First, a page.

We're unable to sign you in at this time. Please try again in a few minutes.
We were able to sign you in, but your subscription(s) could not be found. Please try again in a few minutes.
There may be a problem with your account. Please contact the AMA Service Center to resolve this issue.
Contact the AMA Service Center:
Telephone: 1 (800) 262-2350 or 1 (312) 670-7827  *   Email: subscriptions@jamanetwork.com
Error Message ......
Book Reviews and Other Media |

The Things I Want Most: The Extraordinary Story of a Boy's Journey to a Family of His Own

Ruth A. Conn, MD
Arch Pediatr Adolesc Med. 2002;156(2):193-194. doi:.
Text Size: A A A
Published online


Most child health professionals are well aware of the growing numbers of children in foster care in the United States, currently numbering more than 500 000.1 These children lead emotionally and physically precarious lives, and their greatest unmet need is for loving and secure homes. In my view, those who volunteer to serve as foster parents automatically qualify for seats in heaven.

But spiritual kudos aside, what is it actually like to take a foster child into one's home? In a book compiled from diaries kept during the first year of his son's placement, Richard Miniter writes of his family's experience. He and his wife, Susan, were well established in their careers and had already raised 6 children when Susan was moved to respond to an advertisement from the Harbour Program in Ulster County, NY, which sought to place children marred by abuse and neglect. So began a life-altering experience not only for Susan and Richard but for all of their children, especially 11-year-old "Mike."


Sign in

Purchase Options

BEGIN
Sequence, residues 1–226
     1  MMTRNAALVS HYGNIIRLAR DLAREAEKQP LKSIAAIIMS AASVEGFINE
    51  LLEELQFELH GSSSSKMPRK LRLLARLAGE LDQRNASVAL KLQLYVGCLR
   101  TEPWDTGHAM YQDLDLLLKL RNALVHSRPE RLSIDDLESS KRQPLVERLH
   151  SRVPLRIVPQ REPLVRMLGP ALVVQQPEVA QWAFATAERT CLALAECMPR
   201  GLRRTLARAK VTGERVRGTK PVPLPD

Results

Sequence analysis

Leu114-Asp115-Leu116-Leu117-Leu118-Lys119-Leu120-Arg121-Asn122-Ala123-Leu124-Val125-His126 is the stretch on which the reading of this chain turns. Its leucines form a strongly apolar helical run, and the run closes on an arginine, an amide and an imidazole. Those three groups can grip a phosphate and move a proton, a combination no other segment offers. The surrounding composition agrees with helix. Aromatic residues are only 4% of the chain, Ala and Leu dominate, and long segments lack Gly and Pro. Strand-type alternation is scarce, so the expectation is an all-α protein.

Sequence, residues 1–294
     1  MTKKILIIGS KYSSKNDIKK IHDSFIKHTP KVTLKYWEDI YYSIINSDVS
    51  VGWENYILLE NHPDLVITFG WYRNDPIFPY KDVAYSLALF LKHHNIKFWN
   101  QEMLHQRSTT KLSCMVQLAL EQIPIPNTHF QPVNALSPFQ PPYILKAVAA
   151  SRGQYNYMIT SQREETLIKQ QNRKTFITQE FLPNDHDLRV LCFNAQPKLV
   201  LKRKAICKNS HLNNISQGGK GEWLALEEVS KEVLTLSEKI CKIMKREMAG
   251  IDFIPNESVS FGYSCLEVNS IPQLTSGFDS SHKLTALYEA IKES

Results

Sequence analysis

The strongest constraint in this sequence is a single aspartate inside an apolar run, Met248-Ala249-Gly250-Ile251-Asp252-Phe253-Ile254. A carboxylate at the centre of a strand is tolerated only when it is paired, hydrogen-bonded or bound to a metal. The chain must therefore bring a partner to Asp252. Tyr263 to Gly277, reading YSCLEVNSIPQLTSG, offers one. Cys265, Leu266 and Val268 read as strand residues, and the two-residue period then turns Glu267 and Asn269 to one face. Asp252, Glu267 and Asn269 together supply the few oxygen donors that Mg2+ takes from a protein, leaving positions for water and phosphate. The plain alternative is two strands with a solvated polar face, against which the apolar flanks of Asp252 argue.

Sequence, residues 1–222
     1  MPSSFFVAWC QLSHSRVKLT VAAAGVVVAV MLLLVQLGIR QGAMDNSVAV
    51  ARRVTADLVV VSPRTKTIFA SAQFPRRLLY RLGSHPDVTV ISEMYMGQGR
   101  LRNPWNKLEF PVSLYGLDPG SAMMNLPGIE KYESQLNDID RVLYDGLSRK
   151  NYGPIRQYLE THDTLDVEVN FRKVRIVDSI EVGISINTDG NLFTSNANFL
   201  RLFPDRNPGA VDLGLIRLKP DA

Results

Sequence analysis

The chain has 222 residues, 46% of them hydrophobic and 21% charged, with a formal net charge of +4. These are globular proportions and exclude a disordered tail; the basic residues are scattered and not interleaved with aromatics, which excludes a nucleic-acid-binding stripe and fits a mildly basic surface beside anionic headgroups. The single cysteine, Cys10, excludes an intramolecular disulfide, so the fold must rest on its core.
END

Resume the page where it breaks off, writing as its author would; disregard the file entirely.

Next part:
• Buy this article
• Subscribe to the journal
• Rent this article ?

First Page Preview

View Large
First page PDF preview





Also Meets CME requirements for:
Browse CME for all U.S. States
Accreditation Information
The American Medical Association is accredited by the Accreditation Council for Continuing Medical Education to provide continuing medical education for physicians. The AMA designates this journal-based CME activity for a maximum of 1 AMA PRA Category 1 CreditTM per course. Physicians should claim only the credit commensurate with the extent of their participation in the activity. Physicians who complete the CME course and score at least 80% correct on the quiz are eligible for AMA PRA Category 1 CreditTM.
Note: You must get at least of the answers correct to pass this quiz.
Please click the checkbox indicating that you have read the full article in order to submit your answers.
Your answers have been saved for later.
You have not filled in all the answers to complete this quiz
The following questions were not answered:
Sorry, you have unsuccessfully completed this CME quiz with a score of
The following questions were not answered correctly:
Commitment to Change (optional):
Indicate what change(s) you will implement in your practice, if any, based on this CME course.
Your quiz results:
The filled radio buttons indicate your responses. The preferred responses are highlighted
For CME Course: A Proposed Model for Initial Assessment and Management of Acute Heart Failure Syndromes
Indicate what changes(s) you will implement in your practice, if any, based on this CME course.


Some tools below are only available to our subscribers or users with an online account.

0 Citations

Sign in

Purchase Options

• Buy this article
• Subscribe to the journal
• Rent this article ?

Related Content

Customize your page view by dragging & repositioning the boxes below.